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Don’t generalise from Aussie attack on our price regulation

  • December 20th, 2013

The Aussie fund manager quoted in today's on-line NBR (behind the pay-wall sorry) saying Australia is a more favourable regulatory jurisdiction, might be getting some under-arm kiwi advice.

The Vector predicament covered in the same NBR is the result of applying an Aussie regulatory approach, to question the generosity of the NZ regulator toward suppliers.

NBR has picked up my blog yesterday. I did not go into the detail of our High Court reasoning, though I gave the paragraph references. Essentially, all the High Court has done in the area that matters to MEUG and consumers generally, is apply Aussie rigour.

The Court looked for the same standard of proof and foundation for assumptions by the Commerce Commission, as is required of  Aussie utilities. The Court could not find it. We cited the leading Australian case to the Court because the NZ regulator has been deliberately generous to suppliers, based on assumptions that are novel, internationally, and in our view unsupportable.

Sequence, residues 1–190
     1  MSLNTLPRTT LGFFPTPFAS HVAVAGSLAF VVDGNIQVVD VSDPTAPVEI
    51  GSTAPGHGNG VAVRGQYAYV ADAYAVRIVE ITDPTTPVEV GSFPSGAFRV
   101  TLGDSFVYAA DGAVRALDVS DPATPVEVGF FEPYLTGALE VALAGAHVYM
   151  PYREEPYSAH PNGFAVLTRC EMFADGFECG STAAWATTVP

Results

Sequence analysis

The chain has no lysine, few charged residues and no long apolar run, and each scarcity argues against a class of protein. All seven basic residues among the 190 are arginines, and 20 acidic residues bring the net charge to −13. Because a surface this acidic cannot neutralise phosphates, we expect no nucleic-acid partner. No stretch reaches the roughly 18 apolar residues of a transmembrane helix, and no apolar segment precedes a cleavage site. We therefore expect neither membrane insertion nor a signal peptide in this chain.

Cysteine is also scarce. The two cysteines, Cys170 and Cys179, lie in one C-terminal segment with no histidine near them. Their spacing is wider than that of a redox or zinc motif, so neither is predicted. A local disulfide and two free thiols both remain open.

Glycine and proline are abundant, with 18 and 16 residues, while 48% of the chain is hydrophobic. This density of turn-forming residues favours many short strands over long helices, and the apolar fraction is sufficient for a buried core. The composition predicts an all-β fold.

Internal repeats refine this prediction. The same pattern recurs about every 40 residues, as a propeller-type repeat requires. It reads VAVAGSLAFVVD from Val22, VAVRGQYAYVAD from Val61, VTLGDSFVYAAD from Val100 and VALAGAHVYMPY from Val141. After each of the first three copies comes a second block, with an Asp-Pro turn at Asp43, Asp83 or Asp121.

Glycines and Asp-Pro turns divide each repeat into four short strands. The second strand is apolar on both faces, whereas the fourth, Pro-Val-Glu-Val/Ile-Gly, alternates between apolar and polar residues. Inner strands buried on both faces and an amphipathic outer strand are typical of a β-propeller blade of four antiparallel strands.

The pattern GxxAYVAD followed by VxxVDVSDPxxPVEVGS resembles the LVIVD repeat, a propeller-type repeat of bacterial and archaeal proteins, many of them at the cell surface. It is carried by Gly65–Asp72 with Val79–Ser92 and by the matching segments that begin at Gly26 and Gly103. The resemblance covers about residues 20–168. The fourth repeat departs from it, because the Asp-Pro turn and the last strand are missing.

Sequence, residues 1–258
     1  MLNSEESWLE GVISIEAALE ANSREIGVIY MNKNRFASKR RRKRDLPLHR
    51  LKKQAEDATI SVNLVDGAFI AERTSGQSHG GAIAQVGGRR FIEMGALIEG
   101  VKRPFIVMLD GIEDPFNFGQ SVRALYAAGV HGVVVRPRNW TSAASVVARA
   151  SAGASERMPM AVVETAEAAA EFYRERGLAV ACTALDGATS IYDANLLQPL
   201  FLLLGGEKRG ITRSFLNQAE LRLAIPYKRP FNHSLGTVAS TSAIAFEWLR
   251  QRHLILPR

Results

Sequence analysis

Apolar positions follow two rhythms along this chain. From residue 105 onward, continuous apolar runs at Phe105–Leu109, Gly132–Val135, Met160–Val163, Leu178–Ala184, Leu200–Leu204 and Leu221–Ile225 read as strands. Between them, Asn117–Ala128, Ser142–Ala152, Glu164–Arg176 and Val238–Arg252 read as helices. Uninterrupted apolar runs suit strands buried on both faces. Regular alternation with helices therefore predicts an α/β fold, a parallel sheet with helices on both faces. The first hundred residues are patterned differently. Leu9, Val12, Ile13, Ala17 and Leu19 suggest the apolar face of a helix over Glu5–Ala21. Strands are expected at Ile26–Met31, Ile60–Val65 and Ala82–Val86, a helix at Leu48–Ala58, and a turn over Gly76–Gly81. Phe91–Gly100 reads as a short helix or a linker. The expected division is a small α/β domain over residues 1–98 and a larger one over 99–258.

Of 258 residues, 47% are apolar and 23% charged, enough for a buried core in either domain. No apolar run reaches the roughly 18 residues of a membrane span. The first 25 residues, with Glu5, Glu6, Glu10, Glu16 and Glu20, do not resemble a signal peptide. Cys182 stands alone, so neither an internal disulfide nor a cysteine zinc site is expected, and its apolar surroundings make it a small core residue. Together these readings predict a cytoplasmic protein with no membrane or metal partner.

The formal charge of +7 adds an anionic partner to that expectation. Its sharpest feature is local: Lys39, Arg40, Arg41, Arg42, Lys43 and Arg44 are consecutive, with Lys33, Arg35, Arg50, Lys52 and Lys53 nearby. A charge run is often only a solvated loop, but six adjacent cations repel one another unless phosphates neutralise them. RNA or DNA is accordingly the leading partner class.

In other words, any price downgrade of NZ line company values arising from MEUG's success will probably just take prices to where they should have been, if the suppliers had not badgered the Commission into assuring them indefinite long term above market returns – a favourable treatment for which the Court could see no justification.

Comments

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So- it seems to me that we have come in a big circle. One upon a time, the power prices were set by the NZ Electricity Department, a part of the NZ Government. After progressing through various iterations of privatization and pseudo-free-market, we have now reached the situation where the power prices are effectively set by the Commerce Commission, a part of the NZ Government. Perhaps it is time for me to do some more revision of Alice through the Looking Glass!

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  • Stephen
  • December 21st, 2013
  • 6:04 pm

John

There is a big distinction between the pricing of lines monopolies, and generation – which has a great deal of competition, and much disruption from new entrants and new technologies).

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Steven- Your point is accepted- I admit hadn’t thought it through.

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